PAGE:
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Volume 30, Number 1 (March/April)

Identification and Management of Charcot Neuroarthropathy (pages 6-10)

Georgeanne Botek, D.P.M, F.A.C.F.A.S., and Martha Anderson, D.P.M.

Diabetes is the most common cause of Charcot neuroarthropathy, an often-overlooked diabetic complication that can cause swelling, redness, pain, and structural damage in the foot. Drs. Botek and Anderson examine a typical case of Charcot foot and give a thorough review of its pathophysiology, diagnosis, and treatment. Radiographic images are included to show the different stages of the disease.
Complications and comorbiditiesFoot complications

The Role of Aspirin in the Prevention of Cardiovascular Events in Diabetes (pages 11-13)

Shailesh Nandish, M.D., and Robert Chilton, D.O., F.A.C.C.

The American Diabetes Association has released a new position statement on the use of aspirin for the prevention of cardiovascular disease (CVD) in patients with diabetes. Drs. Nandish and Chilton present an overview of the guidelines and discuss the role of increased platelet reactivity in CVD.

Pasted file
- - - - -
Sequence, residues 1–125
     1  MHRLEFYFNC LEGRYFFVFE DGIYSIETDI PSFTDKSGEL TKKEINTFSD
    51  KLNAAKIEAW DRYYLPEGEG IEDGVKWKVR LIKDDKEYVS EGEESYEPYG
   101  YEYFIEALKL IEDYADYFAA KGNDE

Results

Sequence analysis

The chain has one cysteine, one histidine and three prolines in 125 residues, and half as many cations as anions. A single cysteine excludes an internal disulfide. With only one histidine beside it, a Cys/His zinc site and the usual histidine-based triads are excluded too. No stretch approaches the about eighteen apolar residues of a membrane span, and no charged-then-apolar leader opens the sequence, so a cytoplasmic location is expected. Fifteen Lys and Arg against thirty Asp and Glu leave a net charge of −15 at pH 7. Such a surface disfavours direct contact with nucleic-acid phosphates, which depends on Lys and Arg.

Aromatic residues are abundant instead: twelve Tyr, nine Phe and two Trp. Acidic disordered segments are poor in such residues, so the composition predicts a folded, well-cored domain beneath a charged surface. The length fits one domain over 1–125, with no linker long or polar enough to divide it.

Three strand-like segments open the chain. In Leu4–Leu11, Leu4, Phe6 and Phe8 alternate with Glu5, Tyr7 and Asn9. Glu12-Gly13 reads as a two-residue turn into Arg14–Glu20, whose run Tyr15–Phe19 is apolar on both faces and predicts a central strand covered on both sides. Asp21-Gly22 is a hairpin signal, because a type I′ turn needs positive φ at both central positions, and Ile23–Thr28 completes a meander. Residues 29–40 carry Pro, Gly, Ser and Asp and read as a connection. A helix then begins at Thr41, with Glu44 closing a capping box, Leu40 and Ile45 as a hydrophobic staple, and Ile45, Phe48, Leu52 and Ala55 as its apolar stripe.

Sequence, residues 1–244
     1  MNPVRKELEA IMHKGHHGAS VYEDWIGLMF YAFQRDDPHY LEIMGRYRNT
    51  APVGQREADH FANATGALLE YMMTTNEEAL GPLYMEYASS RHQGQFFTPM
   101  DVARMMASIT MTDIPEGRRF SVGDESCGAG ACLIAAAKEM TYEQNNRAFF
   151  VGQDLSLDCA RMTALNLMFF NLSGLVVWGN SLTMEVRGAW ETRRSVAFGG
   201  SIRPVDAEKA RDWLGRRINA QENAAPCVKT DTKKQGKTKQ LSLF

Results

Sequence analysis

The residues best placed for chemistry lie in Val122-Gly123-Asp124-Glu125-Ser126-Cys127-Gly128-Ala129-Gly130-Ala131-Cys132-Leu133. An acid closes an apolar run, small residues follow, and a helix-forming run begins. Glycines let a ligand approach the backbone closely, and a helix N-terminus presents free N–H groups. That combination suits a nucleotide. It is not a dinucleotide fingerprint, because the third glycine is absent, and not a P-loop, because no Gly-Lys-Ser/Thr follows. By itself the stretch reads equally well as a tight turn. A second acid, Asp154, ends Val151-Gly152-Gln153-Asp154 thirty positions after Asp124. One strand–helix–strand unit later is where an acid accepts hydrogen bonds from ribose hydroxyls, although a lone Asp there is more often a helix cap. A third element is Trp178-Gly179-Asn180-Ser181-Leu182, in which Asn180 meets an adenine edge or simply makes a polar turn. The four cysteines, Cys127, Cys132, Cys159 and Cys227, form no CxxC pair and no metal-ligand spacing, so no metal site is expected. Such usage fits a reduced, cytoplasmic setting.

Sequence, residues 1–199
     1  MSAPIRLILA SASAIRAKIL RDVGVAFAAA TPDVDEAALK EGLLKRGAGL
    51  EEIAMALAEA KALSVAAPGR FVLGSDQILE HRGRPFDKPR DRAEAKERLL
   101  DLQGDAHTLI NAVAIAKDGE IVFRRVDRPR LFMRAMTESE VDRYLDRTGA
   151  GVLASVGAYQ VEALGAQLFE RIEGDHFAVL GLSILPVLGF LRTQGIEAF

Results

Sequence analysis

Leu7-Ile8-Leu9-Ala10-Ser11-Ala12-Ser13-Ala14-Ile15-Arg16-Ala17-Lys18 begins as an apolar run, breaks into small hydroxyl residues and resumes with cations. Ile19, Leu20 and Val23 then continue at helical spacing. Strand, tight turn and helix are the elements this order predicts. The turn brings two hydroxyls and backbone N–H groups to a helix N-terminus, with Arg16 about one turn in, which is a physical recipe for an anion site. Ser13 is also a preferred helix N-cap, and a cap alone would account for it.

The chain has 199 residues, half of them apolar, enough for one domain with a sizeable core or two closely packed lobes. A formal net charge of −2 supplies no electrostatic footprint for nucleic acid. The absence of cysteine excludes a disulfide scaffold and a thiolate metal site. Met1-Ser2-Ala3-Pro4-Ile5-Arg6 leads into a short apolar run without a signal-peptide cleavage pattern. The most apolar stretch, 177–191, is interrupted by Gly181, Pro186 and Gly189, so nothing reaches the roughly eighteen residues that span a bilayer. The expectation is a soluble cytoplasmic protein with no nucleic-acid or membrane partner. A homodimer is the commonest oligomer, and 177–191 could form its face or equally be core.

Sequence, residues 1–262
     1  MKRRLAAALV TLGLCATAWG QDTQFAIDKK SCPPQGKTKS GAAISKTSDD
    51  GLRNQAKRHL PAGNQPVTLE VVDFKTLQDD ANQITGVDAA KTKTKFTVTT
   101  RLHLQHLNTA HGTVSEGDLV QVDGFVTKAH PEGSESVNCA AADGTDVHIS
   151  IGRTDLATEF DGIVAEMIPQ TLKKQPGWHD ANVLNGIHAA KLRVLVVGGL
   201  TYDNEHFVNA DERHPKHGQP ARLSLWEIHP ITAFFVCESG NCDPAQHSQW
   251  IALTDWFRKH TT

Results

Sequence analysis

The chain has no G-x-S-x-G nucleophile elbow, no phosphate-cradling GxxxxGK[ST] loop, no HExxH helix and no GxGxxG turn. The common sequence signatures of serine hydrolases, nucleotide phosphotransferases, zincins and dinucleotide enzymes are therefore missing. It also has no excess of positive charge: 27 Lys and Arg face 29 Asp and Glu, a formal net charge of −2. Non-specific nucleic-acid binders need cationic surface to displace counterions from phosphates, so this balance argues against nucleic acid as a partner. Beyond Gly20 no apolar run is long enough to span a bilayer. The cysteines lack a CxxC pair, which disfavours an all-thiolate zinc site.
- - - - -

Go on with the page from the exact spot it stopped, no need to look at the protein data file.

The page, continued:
Complications and comorbiditiesCardiovascular disease

Renin-Angiotensin-Aldosterone System Blockers for Patients With Diabetes (pages 14-24)

Richa Gopal, M.D., M. James Lenhard, M.D., F.A.C.E., F.A.C.P., and Raelene E. Maser, Ph.D., M.T.(A.S.C.P.)

Drugs that block the renin-angiotensin-aldosterone system (RAAS) are mainstays of treatment for hypertension and nephropathy in diabetic patients. The authors examine the three types of RAAS blockers—angiotensin-converting enzyme inhibitors, angoiotensin II receptor blockers, and direct renin inhibitors—and compare their respective effects on cardiovascular disease and nephropathy, effects on mortality, side effects, and cost.
Drug treatmentAntihypertensives

Diabetes Care Recommendations—Then and Now (pages 25-26)

Charles A. Reasner, M.D.

As Practical Diabetology enters its thirtieth year, the Editor reflects on the changes in diabetes care that the last three decades have brought. A look back at the first ADA clinical practice recommendations reveals how much has changed in that time.
Professional guidelines

Insulin Pumps for Type 2 Diabetes—A Useful Tool? (pages 26-27)

Katherine Pereira, M.S.N., F.N.P.-B.C., A.D.M.-B.C.

Although insulin pumps have long been recommended for people with Type 1 diabetes, their use in people with Type 2 diabetes remains uncommon, and evidence for their benefit over injections remains controversial. Ms. Pereira reviews the evidence for the use of pumps in people with Type 2 diabetes and discusses the barriers to their use, which include the pumps’ high cost and patients’ need for education and support.
Drug treatmentInsulin
EquipmentInsulin pumps